Earlier this month, the U.S. Department of Agriculture approved Alaska’s plan to promote and regulate the production of industrial hemp. The head of the Alaska Division of Agriculture says that means Alaska farmers will be able to diversify by growing a different crop that can be made into products that are increasingly in demand here and worldwide.
Hemp is a type of cannabis that only contains a tiny amount of the psychoactive ingredient THC. It’s a versatile plant used for biomass and the manufacture of materials like rope and fabric, as well as for a variety of CBD-based products for things like pain relief, health and beauty.
“This is already a more than 2-billion-dollar-a-year industry,” said David Schade, the state agriculture division director, “And that’s (expected) to grow exponentially around the world.”
Schade said hemp holds a lot of economic promise for Alaska. And he said the state has what it takes to grow the stuff.
“We have clean water, clean soil, clear air,” he said. “So we can, in the right regions, grow great plants.”
Schade said that’s been proven by nine growers located from Fairbanks to Homer who’ve cultivated hemp on a total of 70 acres outdoors and some 14,000 square feet of indoor space. The cultivation took place as part of a hemp pilot project that was established through a provision of the federal 2014 Farm Bill.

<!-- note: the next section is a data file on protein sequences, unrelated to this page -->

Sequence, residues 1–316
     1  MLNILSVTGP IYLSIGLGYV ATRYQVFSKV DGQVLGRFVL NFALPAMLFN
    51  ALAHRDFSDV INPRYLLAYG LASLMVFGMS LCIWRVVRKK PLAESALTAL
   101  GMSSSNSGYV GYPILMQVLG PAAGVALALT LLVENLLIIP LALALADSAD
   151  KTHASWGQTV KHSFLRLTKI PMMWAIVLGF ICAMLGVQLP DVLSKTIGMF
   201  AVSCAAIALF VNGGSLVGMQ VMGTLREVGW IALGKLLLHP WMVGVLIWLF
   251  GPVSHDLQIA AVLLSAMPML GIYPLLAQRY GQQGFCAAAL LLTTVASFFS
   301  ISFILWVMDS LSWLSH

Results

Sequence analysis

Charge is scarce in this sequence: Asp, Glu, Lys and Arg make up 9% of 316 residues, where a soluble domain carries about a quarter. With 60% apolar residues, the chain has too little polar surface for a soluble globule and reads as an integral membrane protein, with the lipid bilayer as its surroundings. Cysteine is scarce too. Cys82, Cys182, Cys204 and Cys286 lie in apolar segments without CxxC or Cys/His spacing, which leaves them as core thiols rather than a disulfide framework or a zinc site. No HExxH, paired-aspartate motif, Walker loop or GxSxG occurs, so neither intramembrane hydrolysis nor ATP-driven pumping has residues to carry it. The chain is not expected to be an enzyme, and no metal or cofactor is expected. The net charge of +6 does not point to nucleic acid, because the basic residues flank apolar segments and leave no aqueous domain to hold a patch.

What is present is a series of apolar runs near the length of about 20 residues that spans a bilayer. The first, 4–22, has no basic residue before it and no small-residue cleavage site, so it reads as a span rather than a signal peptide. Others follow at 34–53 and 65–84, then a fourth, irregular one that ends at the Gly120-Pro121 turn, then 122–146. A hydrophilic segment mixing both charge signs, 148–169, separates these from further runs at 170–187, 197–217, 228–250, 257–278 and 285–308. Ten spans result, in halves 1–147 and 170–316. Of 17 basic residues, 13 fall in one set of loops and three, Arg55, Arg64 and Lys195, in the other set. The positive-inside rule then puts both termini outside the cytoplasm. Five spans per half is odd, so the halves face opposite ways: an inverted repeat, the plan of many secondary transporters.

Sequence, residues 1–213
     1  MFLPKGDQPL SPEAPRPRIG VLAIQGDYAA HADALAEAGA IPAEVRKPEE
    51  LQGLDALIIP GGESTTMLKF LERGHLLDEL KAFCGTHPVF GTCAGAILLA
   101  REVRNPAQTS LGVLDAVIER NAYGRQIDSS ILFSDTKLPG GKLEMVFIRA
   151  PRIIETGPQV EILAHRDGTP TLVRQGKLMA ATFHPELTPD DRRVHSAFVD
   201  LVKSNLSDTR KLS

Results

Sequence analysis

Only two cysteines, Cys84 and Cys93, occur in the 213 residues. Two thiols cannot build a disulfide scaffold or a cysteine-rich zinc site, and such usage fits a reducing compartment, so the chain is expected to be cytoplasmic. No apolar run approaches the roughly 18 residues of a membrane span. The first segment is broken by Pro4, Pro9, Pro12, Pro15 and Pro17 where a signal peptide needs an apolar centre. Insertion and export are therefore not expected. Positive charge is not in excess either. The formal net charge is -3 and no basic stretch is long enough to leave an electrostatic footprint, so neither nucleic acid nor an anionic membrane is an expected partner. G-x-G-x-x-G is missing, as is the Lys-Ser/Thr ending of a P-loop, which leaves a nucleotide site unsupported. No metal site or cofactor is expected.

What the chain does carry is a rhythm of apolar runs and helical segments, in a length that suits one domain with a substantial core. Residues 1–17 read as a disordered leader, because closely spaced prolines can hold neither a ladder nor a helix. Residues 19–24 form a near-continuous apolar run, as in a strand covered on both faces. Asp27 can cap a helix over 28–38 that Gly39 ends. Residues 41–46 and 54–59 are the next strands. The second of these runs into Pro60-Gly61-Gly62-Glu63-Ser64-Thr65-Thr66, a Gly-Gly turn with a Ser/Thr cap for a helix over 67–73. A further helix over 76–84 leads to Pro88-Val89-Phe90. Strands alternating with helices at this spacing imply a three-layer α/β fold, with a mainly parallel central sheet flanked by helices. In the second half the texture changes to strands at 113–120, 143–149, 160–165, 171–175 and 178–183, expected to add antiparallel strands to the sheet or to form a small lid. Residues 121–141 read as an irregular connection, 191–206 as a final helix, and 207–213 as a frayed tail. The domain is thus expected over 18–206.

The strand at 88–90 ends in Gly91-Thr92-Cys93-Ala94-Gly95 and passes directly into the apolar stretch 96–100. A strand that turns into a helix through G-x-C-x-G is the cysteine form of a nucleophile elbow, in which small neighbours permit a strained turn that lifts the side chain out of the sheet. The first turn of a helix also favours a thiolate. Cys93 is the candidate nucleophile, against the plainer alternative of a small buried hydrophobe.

He expects the harvest will grow now that the USDA has approved the state’s plan to promote the industry, as authorized by the 2018 Farm Bill.
“That really opens up the market to Alaska,” he said. “And of course, you get an Alaska Grown label in the Pacific Rim, that’s going to help sell your product.”
Zoe Quist, a partner in the Fairbanks-based hemp venture Mado CBD, agrees.
“What differentiates our product from a lot of competitors nationally and internationally is that it’s all natural,” she said.
Quist helps run the state’s most productive hemp-growing operation, which is on a family farm near Cripple Creek, just west of Fairbanks. The operation grew 5,000 plants on 6 acres last year, using organic growing methods and no pesticides.
Quist said the harvest will be used to make CBD products that will have greater appeal to health-conscious consumers.
“We are working with a few different companies in-state for different forms of processing,” she said.
Quist agrees that the Alaska CBD market is small, made somewhat larger by tourists and other visitors. But she and her family-member partners were all born and raised in Fairbanks, and they believe they’re doing more than just growing the raw ingredient of a product that’s increasingly in demand by people here and worldwide.
“We hire local people to work on the farm,” she said. “The money stays in the economy. And we just want to put our products in Alaskans’ hands and just keep it a home-grown operation.”
That’s the kind of sustainability Schade says the state is trying to promote through efforts like the industrial hemp program.
“We’re trying to do food security,” he said. “But food security also includes making sure that we have a strong, vibrant economy so that everybody can produce food.”